clip_image0078. Provide the Prompt Text in the text area. This will be the text displayed to the CRM user.

9. Provide a Tip Text in the text area. Tip Text provides additional information for the selected prompt.


clip_image01110. In the Response Details section, choose Single Line as the Response Type for the prompt. The Response Type correlates to the type of information being captured. A phone number is a single line of text, so Single Line is the appropriate choice.

clip_image01211. Choose Text as the Data Type for the prompt. While business phone is a number, it is not considered a numeric value (you wouldn’t perform arithmetic on it), so it is stored as text.

12. Leave Log Response checked as Yes.

13. Leave Default Value blank.


14. Click Save and Close.


15. Repeat steps 11-21 for Mobile Phone and Email.


Now that we’ve captured some data, let’s create a prompt for the lead’s preferences.

16. Create a new preferences prompt with Prompt Text.

17. In the Response Details choose Option Set from the Response Type list

18. In Data Type select Integer.

19. Leave Log Response checked as Yes.

20. Leave Default Value blank.

Creating Prompt Responses

Now we need to set up the preference options. Since this is an actual field within CRM the response options will need to relate to the CRM options. Here are the available CRM preference fields:


In our example, we do not want the CRM user to choose the Any option, so we will omit that as an option. It is important to remember that the values in the prompt must match the CRM values.

1. Click on the clip_image019 icon to add a new response value.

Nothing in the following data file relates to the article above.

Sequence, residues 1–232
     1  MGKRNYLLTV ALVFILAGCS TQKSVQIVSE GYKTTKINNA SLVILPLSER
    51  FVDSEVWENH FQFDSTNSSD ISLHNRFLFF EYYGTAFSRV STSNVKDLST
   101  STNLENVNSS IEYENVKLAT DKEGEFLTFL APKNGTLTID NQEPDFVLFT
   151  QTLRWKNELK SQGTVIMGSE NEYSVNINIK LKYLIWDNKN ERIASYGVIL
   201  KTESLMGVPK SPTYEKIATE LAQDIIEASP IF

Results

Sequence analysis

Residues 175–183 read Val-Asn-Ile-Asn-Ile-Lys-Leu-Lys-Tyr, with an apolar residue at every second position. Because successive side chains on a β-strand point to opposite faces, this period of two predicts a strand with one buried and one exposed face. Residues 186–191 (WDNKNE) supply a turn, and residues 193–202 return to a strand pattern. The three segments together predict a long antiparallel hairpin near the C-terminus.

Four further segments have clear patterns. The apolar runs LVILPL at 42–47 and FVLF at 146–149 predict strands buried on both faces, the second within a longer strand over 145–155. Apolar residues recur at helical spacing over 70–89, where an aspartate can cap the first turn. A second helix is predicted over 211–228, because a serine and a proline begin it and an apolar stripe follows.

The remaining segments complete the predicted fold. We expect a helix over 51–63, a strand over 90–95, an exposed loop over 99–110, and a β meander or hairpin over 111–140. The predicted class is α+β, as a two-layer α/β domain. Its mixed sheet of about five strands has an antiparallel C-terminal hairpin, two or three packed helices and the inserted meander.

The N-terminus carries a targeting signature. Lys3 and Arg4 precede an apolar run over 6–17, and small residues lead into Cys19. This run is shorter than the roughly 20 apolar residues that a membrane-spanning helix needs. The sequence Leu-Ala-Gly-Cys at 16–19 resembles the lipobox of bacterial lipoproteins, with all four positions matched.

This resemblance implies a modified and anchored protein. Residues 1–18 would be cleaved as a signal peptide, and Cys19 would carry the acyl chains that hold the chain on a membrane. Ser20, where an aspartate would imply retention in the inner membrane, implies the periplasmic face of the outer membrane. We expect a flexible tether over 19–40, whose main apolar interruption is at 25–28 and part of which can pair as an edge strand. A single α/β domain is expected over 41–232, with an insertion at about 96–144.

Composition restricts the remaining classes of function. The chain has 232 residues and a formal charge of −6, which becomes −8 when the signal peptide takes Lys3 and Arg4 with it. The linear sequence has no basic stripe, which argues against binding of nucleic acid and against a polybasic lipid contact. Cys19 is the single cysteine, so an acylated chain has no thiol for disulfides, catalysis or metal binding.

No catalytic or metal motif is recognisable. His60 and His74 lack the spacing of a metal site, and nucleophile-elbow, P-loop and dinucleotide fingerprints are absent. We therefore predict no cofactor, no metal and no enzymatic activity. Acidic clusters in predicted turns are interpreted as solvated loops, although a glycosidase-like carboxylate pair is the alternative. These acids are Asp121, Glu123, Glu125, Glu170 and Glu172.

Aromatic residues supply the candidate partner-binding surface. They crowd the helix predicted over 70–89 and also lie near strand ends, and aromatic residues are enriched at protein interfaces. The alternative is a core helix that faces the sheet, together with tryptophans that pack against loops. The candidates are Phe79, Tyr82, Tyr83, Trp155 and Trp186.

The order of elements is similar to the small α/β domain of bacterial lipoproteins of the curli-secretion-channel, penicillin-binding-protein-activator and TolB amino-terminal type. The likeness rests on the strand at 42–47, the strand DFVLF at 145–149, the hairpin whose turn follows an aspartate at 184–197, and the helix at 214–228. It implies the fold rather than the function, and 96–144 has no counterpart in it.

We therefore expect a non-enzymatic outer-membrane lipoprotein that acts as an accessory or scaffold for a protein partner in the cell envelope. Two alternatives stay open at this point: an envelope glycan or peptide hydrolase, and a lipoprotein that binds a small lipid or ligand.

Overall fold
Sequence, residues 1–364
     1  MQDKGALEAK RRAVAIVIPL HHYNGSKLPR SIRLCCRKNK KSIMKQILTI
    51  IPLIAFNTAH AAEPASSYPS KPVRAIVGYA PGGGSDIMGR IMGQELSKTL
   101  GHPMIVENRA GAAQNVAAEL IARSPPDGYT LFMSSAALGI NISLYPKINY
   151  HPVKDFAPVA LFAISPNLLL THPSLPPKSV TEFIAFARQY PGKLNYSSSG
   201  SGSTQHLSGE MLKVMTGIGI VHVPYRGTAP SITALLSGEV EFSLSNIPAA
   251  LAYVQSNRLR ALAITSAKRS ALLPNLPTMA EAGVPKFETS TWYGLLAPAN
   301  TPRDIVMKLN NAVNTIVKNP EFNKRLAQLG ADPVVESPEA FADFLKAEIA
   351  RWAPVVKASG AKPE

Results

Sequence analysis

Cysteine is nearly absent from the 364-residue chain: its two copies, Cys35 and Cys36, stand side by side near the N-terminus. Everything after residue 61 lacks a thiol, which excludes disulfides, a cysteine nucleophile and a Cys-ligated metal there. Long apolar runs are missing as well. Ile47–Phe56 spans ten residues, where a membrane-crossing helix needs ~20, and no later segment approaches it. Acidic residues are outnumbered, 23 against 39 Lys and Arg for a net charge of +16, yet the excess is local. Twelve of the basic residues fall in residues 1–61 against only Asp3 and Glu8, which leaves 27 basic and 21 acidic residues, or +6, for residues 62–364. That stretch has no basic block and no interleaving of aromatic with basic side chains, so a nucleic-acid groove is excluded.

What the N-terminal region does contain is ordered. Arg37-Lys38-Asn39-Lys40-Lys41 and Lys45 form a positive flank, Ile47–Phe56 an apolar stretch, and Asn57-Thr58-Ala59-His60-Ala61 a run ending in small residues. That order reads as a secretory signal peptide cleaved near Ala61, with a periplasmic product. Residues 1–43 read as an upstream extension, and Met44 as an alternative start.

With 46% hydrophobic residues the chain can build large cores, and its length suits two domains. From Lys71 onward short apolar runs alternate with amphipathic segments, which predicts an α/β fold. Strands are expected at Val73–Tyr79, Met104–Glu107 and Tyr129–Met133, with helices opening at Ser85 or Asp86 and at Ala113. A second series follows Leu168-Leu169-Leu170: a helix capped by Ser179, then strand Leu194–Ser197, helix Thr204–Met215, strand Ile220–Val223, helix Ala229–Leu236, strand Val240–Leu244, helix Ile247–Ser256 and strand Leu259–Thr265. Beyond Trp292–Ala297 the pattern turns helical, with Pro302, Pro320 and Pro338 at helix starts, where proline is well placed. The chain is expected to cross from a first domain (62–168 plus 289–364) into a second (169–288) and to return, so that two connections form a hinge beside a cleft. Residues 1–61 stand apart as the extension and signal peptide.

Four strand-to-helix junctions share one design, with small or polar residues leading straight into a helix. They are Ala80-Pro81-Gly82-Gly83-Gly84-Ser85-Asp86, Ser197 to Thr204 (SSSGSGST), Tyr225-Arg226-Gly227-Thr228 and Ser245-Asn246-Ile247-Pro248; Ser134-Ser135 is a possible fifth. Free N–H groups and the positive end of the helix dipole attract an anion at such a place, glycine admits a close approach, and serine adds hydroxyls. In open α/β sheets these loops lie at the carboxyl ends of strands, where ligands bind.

2. In the Value field, enter 2 as the value.

3. Enter Email as the Label value.


4. Repeat steps 28-30 for Phone, Fax and Mail incrementing the value by 1 each time.


5. Click Save and Close.


Update the Lead Record

At this point, we have created the prompts for the CRM user. Next we need to create a step to update the lead record.

1.  Click on the Page and select Add Step

2. Choose Update Record.

3. Provide a description for the update step.

4. Click Set Properties.


The Update Lead page is displayed, showing the lead entity properties. Here we will map the CRM user responses to the lead record fields.

clip_image0295. Click in the Business Phone field.

6. In the Form Assistant select Look For > What is your Business Phone Number.

7. Click Add.

8. Click OK

9. Repeat steps 37-40 for Mobile and Email.


10. Under Contact Method click on Preferences.

11. In the Form Assistant select Look For > How would you prefer us to contact you.

12. Click Add.

clip_image03213. Click OK.

14. Click Save and Close.


Activate and Run Dialog

Once a dialog is finished, it will need to be activated. A dialog cannot be run until it has been active.

1. From the navigation menu at the top choose� clip_image033 and confirm the activation process at the prompt.

2. clip_image035Navigate to the Leads entity.

3. Click on the ellipsis.

4. Choose Start Dialog.

5. Select the dialog that was just created.

clip_image0366. Click Add.


Voila!  This gives us the completed Dialog Process within CRM.

This is a simple enough example but hopefully shows how Dialogs can be taken into other CRM Requirements.

With the Ribbon being less of a ‘thing’ from CRM 2013 onwards, and Modal Pop-ups being a slightly regressive UI choice – Dialogs are not always the best solution (and crucially, are not available in Mobile), and Business Process Flows can be a much slicker User Experience, however it is always useful to be aware of this functionality in Dynamics CRM and know when it might be the best option for tackling a particular requirement.

Further Reading

MSDN - Use dialogs in Dynamics 365 for Guided Processes 

Dialogs – good training article for Dialogs

The Power of Dialogs in CRM 2011 – useful PDF that looks at comparing Dialogs in CRM 2011 over the previous version of CRM v4, which is useful in showing where the Dialogs functionality in Dynamics CRM has come from.